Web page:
"Assuming it actually exists, the bike reveals just the latest chapter in a long and sad history in the Middle Kingdom's struggle for global industrial credibility. Sure, we all copied at some time. Yamaha's first motorcycle was a very poor quality rip-off of a DKW; Canada's first production aircraft were imitations of British models (on further reflection, most of Canada was an imitation of Britain, but that is fodder for another editorial) and so on. Imitation is, as the saying goes, the highest form of flattery."
"The N10 seems to be nothing more than a Photoshop manipulation of a stripped down CBR250," continues Uhlarik. "It could be neat, if Honda actually did something like that themselves. I will reserve my judgment until after I see the R12 and N10 in person. Assuming it makes it to EICMA and assuming that I get to it before the Guardia di Finanza drag the copies away."
"Rest assured, the Honda Motor Company employs some of the finest litigators in the business, and I am sure that thumbs are being broken somewhere as you re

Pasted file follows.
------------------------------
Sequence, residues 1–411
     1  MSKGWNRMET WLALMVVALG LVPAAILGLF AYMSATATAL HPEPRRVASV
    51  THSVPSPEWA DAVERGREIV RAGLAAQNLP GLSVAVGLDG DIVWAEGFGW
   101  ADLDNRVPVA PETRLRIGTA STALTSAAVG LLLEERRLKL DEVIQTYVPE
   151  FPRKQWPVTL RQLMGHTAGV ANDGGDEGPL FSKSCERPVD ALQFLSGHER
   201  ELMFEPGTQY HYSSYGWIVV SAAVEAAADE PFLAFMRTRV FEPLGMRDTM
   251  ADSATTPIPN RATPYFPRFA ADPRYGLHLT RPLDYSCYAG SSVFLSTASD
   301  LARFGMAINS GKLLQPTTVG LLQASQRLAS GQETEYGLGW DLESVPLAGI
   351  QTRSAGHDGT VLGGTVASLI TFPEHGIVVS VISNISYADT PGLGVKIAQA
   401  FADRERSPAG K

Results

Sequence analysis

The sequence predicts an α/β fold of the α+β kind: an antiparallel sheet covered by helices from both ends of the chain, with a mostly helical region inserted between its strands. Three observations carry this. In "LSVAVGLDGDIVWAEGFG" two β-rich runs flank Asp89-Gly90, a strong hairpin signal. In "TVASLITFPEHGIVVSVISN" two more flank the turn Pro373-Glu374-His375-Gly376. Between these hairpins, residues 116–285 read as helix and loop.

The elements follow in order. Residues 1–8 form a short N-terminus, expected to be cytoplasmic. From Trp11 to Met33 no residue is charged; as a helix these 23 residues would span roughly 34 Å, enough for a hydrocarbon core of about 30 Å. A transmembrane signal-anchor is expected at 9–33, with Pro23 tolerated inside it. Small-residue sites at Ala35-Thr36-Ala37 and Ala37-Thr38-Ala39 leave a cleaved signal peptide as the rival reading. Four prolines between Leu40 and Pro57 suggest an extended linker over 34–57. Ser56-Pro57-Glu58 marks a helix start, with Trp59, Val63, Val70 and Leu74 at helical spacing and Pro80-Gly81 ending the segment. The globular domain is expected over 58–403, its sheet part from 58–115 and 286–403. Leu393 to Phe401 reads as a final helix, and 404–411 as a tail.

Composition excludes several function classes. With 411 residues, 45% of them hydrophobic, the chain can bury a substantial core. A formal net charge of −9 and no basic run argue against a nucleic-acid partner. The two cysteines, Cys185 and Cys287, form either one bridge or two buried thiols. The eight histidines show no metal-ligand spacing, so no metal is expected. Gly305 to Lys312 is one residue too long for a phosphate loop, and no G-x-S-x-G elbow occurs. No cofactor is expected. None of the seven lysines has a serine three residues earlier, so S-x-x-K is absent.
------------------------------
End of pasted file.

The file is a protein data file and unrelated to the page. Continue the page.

"Honda Motor Company employs some of the finest litigators"
that don't mean shit China ain't listerening, they've been copying western cars for years, don't think china's paid out a single Renminbi (spelling) in compensation
Rolls and Panda Copyfeits...
Fortes Fortuna Adiuvat
They have the technology to build anything...
They now need to start using decent raw materials instead of recycling bean tins & rusty bicycles.
Then improve on the build quality.
Problem is, this pushes up the costs, and who would pay top dollar for an unproven make of bike?
But then, it's happened before.